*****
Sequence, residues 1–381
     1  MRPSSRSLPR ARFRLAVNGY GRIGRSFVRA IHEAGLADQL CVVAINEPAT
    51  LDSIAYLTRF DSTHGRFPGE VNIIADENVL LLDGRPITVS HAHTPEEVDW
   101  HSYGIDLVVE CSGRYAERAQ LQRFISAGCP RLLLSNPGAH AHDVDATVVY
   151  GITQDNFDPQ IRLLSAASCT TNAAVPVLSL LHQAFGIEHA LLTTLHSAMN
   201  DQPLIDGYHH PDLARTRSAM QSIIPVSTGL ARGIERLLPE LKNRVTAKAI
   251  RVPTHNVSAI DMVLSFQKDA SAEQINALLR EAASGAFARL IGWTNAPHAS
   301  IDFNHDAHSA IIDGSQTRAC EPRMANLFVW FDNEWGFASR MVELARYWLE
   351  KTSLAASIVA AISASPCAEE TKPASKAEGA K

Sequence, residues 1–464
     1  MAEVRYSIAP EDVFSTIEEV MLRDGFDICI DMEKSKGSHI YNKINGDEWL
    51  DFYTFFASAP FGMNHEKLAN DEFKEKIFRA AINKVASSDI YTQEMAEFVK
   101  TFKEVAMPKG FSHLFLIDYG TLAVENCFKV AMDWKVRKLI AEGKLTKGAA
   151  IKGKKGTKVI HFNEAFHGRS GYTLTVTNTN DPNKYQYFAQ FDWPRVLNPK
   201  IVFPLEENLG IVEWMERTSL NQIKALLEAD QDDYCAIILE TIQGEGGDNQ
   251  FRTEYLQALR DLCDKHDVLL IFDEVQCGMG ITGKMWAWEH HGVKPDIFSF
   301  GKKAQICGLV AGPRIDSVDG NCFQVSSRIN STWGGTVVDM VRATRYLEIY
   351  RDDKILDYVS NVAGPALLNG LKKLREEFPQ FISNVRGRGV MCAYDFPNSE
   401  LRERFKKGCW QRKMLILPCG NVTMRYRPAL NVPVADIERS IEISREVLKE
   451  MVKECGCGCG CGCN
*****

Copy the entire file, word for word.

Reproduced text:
Sequence, residues 1–381
     1  MRPSSRSLPR ARFRLAVNGY GRIGRSFVRA IHEAGLADQL CVVAINEPAT
    51  LDSIAYLTRF DSTHGRFPGE VNIIADENVL LLDGRPITVS HAHTPEEVDW
   101  HSYGIDLVVE CSGRYAERAQ LQRFISAGCP RLLLSNPGAH AHDVDATVVY
   151  GITQDNFDPQ IRLLSAASCT TNAAVPVLSL LHQAFGIEHA LLTTLHSAMN
   201  DQPLIDGYHH PDLARTRSAM QSIIPVSTGL ARGIERLLPE LKNRVTAKAI
   251  RVPTHNVSAI DMVLSFQKDA SAEQINALLR EAASGAFARL IGWTNAPHAS
   301  IDFNHDAHSA IIDGSQTRAC EPRMANLFVW FDNEWGFASR MVELARYWLE
   351  KTSLAASIVA AISASPCAEE TKPASKAEGA K

Sequence, residues 1–464
     1  MAEVRYSIAP EDVFSTIEEV MLRDGFDICI DMEKSKGSHI YNKINGDEWL
    51  DFYTFFASAP FGMNHEKLAN DEFKEKIFRA AINKVASSDI YTQEMAEFVK
   101  TFKEVAMPKG FSHLFLIDYG TLAVENCFKV AMDWKVRKLI AEGKLTKGAA
   151  IKGKKGTKVI HFNEAFHGRS GYTLTVTNTN DPNKYQYFAQ FDWPRVLNPK
   201  IVFPLEENLG IVEWMERTSL NQIKALLEAD QDDYCAIILE TIQGEGGDNQ
   251  FRTEYLQALR DLCDKHDVLL IFDEVQCGMG ITGKMWAWEH HGVKPDIFSF
   301  GKKAQICGLV AGPRIDSVDG NCFQVSSRIN STWGGTVVDM VRATRYLEIY
   351  RDDKILDYVS NVAGPALLNG LKKLREEFPQ FISNVRGRGV MCAYDFPNSE
   401  LRERFKKGCW QRKMLILPCG NVTMRYRPAL NVPVADIERS IEISREVLKE
   451  MVKECGCGCG CGCN